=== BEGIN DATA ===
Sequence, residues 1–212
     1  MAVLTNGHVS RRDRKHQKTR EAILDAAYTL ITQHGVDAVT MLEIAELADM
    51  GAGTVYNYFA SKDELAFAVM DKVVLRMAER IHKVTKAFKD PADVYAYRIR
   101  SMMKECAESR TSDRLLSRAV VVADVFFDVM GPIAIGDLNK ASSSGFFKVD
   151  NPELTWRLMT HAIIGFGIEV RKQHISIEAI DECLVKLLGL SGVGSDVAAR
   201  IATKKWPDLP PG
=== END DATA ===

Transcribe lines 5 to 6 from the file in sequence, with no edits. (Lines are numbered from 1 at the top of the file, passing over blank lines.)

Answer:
   151  NPELTWRLMT HAIIGFGIEV RKQHISIEAI DECLVKLLGL SGVGSDVAAR
   201  IATKKWPDLP PG